February 26, 2017
Scott Peck opened his book, The Road Less Traveled, with the statement “Life is difficult”. With those three words I nominate him for an award for all-time best opening line of any book.
I’m opening with “Relationships are difficult”. Relationships with people we care about are hard. We need all the help we can get to not make them harder than they need to be. Can I get an Amen?!
The issue can be three-fold:
First, when a problem erupts, we’re hard-wired to notice what’s wrong rather than what’s right.
Second, our attention immediately goes to what’s wrong with them. What’s wrong with their argument, their perspective, their position. We’re not too interested in finding the flaws in our own perspective.
Third, we tend to remember what happened at the end of an interaction—even if the beginning and middle were great, if the ending sucked that’s what we’re going to focus on.
Not only did Peck come up with the best opening line of a book, he also provided a solid argument that self-discipline might be the most important trait we can bring to a relationship. He said a disciplined person models four essential qualities:
- Delaying gratification: Sacrificing present comfort for future gains.
- Acceptance of responsibility: Accepting responsibility for one’s own decisions.
- Dedication to truth: Honesty, both in word and deed.
- Balancing: Handling conflicting ideas and needs.
When I’m ‘in it’ — when I’m in the grip of an emotional interaction — I struggle with every one of these characteristics. I’m reactive; I have a hard time seeing my part; I am unaware that some of my perspective may be distorted (which of course further distorts the truth); and I am not usually interested in getting a more balanced perspective by hearing your side with openness and receptivity. That last bit might be the understatement of the year.
Where to start?
Here is an idea that has helped me better embody Peck’s description of a disciplined person. I’d love to hear if it makes sense to you.
Naikan is a method of self-reflection that was Introduced in Japan by Yoshimoto Ishin in the early 1900’s. It was developed as a one-week retreat allowing for immersion in self-reflection on all one’s relationships.
Years ago I started applying it informally, often on a daily basis, with my relationships. It is especially useful when there’s a difference of opinion or conflict.
Naikan is based on asking yourself three questions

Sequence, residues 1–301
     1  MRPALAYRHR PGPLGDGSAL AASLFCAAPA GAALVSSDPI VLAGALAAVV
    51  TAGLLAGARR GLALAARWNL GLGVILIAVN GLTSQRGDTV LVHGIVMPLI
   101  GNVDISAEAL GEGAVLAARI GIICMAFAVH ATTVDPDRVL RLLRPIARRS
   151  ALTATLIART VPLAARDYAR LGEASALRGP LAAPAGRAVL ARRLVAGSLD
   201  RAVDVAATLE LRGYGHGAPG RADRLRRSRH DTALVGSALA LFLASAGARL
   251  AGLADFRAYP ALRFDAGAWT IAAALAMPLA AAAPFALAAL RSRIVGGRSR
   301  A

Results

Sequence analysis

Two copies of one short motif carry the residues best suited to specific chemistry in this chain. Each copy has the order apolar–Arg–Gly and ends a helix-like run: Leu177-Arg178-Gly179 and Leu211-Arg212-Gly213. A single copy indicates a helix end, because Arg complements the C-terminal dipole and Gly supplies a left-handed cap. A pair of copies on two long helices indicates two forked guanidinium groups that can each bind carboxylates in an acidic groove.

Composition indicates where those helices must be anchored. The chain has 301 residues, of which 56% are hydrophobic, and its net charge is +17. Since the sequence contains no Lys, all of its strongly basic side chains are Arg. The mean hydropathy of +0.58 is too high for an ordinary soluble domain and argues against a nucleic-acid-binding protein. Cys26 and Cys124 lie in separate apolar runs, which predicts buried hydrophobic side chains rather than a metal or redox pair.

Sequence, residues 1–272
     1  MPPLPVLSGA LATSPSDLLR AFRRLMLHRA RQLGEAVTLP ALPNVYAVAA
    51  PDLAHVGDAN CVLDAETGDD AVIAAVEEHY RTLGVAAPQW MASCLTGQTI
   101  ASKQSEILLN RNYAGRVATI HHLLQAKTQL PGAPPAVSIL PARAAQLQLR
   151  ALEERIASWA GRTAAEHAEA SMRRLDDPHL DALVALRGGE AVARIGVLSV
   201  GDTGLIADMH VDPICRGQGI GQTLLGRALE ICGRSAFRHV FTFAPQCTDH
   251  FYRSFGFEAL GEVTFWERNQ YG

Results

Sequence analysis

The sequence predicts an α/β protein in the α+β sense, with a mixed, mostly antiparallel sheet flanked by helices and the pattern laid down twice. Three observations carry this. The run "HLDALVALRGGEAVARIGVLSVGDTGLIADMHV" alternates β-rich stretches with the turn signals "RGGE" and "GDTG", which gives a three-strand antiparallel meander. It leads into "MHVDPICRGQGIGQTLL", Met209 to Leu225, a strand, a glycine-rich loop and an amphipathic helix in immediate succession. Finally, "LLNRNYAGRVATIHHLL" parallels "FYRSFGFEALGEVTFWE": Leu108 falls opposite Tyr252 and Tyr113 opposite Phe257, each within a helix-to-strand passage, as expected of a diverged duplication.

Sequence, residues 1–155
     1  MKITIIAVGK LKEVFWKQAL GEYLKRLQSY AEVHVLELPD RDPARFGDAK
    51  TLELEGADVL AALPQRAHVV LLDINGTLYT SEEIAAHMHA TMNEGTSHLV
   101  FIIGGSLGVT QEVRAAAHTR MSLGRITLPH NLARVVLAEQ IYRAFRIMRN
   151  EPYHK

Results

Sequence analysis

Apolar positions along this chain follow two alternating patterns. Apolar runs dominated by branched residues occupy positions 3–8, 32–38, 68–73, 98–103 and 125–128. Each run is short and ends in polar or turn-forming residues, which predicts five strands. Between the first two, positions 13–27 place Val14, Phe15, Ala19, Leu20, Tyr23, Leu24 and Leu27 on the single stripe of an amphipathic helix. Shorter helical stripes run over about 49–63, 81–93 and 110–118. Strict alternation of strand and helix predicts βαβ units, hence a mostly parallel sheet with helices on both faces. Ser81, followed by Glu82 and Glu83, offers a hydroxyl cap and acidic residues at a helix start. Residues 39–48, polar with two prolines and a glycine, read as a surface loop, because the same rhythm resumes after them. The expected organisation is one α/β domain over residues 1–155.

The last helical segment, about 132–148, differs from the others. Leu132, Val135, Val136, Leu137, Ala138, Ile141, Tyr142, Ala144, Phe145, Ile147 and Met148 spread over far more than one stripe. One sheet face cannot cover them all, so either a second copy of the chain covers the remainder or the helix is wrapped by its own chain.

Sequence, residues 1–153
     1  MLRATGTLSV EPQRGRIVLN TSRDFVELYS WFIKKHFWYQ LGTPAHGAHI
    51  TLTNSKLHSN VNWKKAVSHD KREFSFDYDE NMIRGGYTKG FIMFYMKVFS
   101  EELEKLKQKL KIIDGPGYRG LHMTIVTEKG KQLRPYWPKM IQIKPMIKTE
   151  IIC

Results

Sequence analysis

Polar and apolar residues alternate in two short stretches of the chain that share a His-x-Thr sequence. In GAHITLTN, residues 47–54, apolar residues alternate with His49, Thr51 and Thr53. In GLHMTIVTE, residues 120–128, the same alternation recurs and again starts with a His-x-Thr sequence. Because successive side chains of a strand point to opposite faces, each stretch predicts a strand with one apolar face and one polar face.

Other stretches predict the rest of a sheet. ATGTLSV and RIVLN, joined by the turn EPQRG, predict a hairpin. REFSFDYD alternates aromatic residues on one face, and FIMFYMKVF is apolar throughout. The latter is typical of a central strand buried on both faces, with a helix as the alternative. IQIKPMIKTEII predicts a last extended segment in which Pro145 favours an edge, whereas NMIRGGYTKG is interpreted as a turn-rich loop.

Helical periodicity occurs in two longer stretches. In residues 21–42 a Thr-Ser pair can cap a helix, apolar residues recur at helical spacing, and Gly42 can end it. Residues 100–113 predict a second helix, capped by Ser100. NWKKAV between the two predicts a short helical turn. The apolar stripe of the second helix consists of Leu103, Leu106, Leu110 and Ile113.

- What did I receive from (insert name)?
- What did I give to (insert name)?
- What troubles and difficulties did I cause (insert name)?
The practice of Naikan has taught me to see the world as it is, not as I wish it was. It may not have saved my life, but I believe it has saved some of my dearest relationships,
I have been stunned when I’ve gotten deeply honest enough to let myself see the troubles I have unknowingly caused someone else through my own enthusiasm, narrow vision, or blindness.
I’d love to say I’ve eliminated undisciplined behavior. NOT EVEN CLOSE. To be frank, when I’m in the midst of a heated, emotionally charged interaction about something that is important to me, I’m not anyone’s picture of a disciplined communicator.
I’ve made progress.
Here’s an example:
I was recently with a friend I love dearly. He is a man of honor and integrity. We have different political perspectives.
After our less than successful interaction I did a Naikan exercise with myself.
- What did I receive from my friend? I received the good and the bad. I received his willingness to hear my position. I received a great deal of floor time while he listened to my perspective. And not surprisingly, I received resistance when I expressed distaste for his position.
- What did my friend receive from me? He got the good and the bad as well. He got the benefit of a perspective he may not have considered. A perspective that at times offered an objective view of both sides. But he also got disrespect when he maintained his original position.
- What troubles and difficulties did I cause my friend? I attempted to change his mind through force and an expression of disdain on my face which only served to encourage him to take a stronger stand than he had before.
In essence, I expressed almost zero self-discipline.
We were able to get past it. We’ve interacted since. After exploring this, I see that I still owe him an apology. Not for my position. For disrespecting him.
Can you relate?